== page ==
Ah, here we are. Joy must be something like love. If we try to capture it, we will stifle it. But I still don’t know why bad things happen to good people and there is supposed to be joy somehow. James, the brother of Jesus, and the supposed author of the book of James near the end of the New Testament, tells us that we need to be patient, that we need to wait.

Using Jesus as our model, while our loved ones are suffering; while we wait in hope; while people, we don’t even know but whom we pity, experience earthquakes and sudden eruptions of volcanoes Jesus commands us to minister to them, to provide for them, to pray for them from afar or close-up. Some of us are natured to physically care for ill loved ones; some of us are natured to pray and provide companionship; some of us are good with administration – taking care of legal matters and other paperwork. Are we to use our gifts with sour faces and grumpy manner? Here is where God is saying, “Do you feel this spark of joy just now? Do your words click with the mind of the other? Do you come with just the right gift? Do you bring water when water is needed? Do you help to remove water where water is not wanted?”

One day I met a person named Beth Anne who was missed when joy was distributed or so it seems. She complains about this and about that. There is not a drop of joy noticeable. One day a co-worker named Joyce just lets it slip. Joyce finds herself saying to Beth Anne, “Beth Anne, do you know there is something called joy in this world?” Beth Anne stops complaining and actually thinks about this question. She says, “How does joy look? Where or how can I get joy? Is it expensive? Is it a pill? If I start taking it, how long will it take to work?”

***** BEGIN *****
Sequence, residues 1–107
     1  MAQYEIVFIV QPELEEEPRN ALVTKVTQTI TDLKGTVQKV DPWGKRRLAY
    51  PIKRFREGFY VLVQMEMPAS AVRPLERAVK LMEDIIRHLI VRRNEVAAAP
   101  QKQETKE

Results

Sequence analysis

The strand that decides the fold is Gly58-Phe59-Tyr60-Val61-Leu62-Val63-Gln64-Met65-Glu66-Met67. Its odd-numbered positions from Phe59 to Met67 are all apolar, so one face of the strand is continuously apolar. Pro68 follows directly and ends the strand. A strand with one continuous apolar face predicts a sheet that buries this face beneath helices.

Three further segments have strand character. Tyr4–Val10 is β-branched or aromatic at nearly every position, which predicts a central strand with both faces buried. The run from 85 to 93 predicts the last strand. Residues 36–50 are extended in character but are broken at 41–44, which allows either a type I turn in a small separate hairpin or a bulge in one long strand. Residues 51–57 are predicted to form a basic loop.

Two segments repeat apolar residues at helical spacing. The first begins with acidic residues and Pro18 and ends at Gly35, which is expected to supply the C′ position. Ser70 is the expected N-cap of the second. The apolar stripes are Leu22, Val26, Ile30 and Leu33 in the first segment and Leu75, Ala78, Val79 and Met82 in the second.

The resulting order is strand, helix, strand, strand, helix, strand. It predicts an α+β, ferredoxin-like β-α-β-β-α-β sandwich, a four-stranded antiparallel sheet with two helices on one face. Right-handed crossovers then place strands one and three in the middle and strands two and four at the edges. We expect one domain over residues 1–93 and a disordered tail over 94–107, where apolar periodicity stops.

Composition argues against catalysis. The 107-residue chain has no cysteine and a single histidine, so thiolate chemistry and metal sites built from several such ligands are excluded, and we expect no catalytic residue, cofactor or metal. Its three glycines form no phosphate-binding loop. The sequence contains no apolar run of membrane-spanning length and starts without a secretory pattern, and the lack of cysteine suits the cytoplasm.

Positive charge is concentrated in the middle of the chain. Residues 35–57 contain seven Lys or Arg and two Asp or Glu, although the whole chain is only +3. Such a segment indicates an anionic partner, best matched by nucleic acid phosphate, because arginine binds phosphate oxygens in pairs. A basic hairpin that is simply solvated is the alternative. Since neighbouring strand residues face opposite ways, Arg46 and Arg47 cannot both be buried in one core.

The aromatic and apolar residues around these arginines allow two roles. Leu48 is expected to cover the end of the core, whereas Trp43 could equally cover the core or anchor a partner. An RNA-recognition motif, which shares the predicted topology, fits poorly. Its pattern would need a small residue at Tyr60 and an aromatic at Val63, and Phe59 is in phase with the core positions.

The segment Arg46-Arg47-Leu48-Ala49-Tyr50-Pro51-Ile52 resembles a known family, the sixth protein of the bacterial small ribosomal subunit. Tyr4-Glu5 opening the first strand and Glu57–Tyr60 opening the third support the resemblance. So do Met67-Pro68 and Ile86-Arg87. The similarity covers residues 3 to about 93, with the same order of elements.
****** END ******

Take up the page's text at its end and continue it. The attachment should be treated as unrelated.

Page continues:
Joyce smiles with joy. “Great questions.” she says to Beth Anne. “It usually does not cost anything. It is free. You just need to use your eyes a bit differently.” My eyes,” said Beth Anne, “Like getting different glasses?” “You could say that or just wear your glasses backwards, like inside out, always looking at the other side of things, the good side. There is usually a good side to every situation. Sometimes it takes patience to find the good side. Or we just need to look from a different angle. Jesus can help us and will help us if we ask. Just swallow the complaining and see what happens. See if your feet will start dancing. See if the people around you just got nicer. See if your work gets easier. Then you will know that you have found the joy that is like the ripples in the brook; the sky that is a perfect blue with pretty clouds. Even when the electric goes off, or the copy machine is jammed, or the computer has been compromised, there will be a spark of joy if you look hard enough. When there is a traffic jam, you will notice things you never noticed when you are flying past; some pretty yards and houses, some awful houses; a business for which you have actually been seeking. Even if you are ill for years, there will be a spark of joy waiting for you to find. God will help. All joy is a gift from God. Let us give thanks, Beth Anne,” says Joyce!

Let us rejoice, congregation of Zion UCC in Womelsdorf! In these days of uncertainty, let us find the joy and share it” Let us welcome Emmanuel with joy!

2 thoughts on ““Joy: It’s a Matter of Vision”

  1. Trudy Sutherland

    You are saying something intresting and necessary. God’s conduction of sight seeing, including non temporal, picture scenes is intersting. Participation at joy, a process place of God, is necessary to agree to. That same process place is where knowing relating to God and God’s subject matters are placed. Glory, glory, hallelujah.